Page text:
CenterPoint Learning Solutions

About Dyslexia

Click here for a list of characteristics

What is Dyslexia?

The definition of dyslexia varies depending on the organization that is doing the defining. Below are definitions provided by both health and educational establishments, as well as the definition from which CenterPoint Learning Solutions operates, and an explanation of Davis® theory.

National Institutes of Health, 1993

"a disorder that affects people’s ability to either interpret what they see and hear or to link information from different parts of the brain. These limitations can show up in many ways: as specific difficulties with spoken and written language, co-ordination, self-control or attention. Such difficulties extend to schoolwork and can impede learning to read, write or do math."

International Dyslexia Association, 2007

"Dyslexia is a language-based learning disability. Dyslexia refers to a cluster of symptoms, which result in people having difficulties with specific language skills, particularly reading. Students with dyslexia usually experience difficulties with other language skills such as spelling, writing, and pronouncing words."

CenterPoint Learning Solutions

Dyslexia is simply a different way of thinking….of perceiving the world! Dyslexic individuals tend to be extremely creative, highly intelligent, visual thinkers with often times uncanny intuitive problem solving. But this wonderful ability to view the world multi-dimensionally can get in the way when it is used to problem solve with symbols and sounds…and reading and math involve symbols (letters, numerals) and sounds! This causes a learning problem that eventually can become a disability.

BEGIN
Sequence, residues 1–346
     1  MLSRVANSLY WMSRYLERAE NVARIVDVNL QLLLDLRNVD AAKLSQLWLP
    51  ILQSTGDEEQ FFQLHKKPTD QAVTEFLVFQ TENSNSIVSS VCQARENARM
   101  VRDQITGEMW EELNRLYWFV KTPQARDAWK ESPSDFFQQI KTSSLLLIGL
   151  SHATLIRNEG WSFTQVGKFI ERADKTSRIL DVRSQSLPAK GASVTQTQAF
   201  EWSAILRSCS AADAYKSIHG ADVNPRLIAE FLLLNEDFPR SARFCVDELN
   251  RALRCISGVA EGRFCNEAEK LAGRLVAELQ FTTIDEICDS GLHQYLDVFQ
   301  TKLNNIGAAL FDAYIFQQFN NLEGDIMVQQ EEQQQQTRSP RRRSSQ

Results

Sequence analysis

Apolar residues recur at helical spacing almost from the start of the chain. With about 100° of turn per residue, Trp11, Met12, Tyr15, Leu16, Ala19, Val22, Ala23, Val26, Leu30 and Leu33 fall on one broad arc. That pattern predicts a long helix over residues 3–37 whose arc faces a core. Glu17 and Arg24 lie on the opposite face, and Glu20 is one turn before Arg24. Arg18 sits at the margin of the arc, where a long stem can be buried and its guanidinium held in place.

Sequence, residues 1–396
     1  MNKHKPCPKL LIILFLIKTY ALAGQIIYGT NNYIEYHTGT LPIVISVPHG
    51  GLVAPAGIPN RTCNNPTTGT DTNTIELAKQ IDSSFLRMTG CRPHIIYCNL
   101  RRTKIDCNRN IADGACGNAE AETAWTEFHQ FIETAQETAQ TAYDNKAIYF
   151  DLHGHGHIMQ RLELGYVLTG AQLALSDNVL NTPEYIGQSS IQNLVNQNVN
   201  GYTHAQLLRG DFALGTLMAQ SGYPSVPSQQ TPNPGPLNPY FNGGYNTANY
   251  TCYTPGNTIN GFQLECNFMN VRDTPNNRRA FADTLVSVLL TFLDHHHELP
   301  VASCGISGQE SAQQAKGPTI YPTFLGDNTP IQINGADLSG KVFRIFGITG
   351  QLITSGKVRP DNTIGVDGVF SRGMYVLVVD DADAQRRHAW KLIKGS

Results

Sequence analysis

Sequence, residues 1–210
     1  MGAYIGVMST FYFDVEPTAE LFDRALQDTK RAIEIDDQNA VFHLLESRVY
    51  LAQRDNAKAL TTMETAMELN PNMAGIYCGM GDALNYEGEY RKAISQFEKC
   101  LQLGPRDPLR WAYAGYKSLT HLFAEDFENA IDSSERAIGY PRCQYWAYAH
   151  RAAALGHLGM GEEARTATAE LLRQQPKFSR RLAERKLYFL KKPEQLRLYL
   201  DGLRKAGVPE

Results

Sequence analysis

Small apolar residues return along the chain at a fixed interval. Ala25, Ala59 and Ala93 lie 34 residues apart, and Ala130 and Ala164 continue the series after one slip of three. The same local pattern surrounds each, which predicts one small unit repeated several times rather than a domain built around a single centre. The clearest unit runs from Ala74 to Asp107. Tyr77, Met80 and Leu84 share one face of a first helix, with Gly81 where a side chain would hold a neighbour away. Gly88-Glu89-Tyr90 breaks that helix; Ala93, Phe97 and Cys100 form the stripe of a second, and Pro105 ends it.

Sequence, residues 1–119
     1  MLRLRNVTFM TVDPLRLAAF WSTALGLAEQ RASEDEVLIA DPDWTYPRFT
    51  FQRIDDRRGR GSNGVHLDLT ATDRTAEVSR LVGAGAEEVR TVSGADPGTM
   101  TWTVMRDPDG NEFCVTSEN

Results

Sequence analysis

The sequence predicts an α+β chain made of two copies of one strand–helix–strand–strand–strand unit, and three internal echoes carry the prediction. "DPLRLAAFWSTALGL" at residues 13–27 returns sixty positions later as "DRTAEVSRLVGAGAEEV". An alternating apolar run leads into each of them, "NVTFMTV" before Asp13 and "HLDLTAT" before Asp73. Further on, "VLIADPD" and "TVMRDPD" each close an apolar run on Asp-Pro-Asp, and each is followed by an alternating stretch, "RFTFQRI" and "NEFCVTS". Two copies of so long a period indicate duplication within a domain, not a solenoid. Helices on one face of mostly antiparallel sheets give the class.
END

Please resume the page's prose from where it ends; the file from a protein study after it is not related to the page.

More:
Davis theory can be summed up as follows:

All dyslexics are primarily picture-thinkers: they think through mental or sensory imagery, rather than using words, sentences, or internal dialogue (self-talk) in their minds. Because this method of thinking is subliminal – faster than the person can be aware of – most dyslexics are not aware that this is what they’re doing.

Because dyslexics think in pictures or imagery, they tend to use global logic and reasoning strategies, looking at the ‘big picture’ to understand the world around them. They tend to be very good at strategizing, creative endeavors, hands-on activities, and solving real world objective problems, but tend to be poor with word-based sequential, linear, step-by-step reasoning. When you look at a picture of a dog, you do not move your mind from tail to haunches to legs to shoulders to head to ears to nose to figure out you have a dog. You see all parts at once, and conclude ‘dog’. If most or all of your thinking is in pictures, you would become accustomed to figuring things out by looking at the whole object or situation at once.

Thinking primarily with images, dyslexics also tend to develop very strong imaginations, and to use a picture or feeling based reasoning process to solve problems rather than a verbal one. If they are at first confused (or intrigued), they will mentally turn an object around to look at it from different viewpoints or angles. From this thought process, they develop many unique abilities and talents.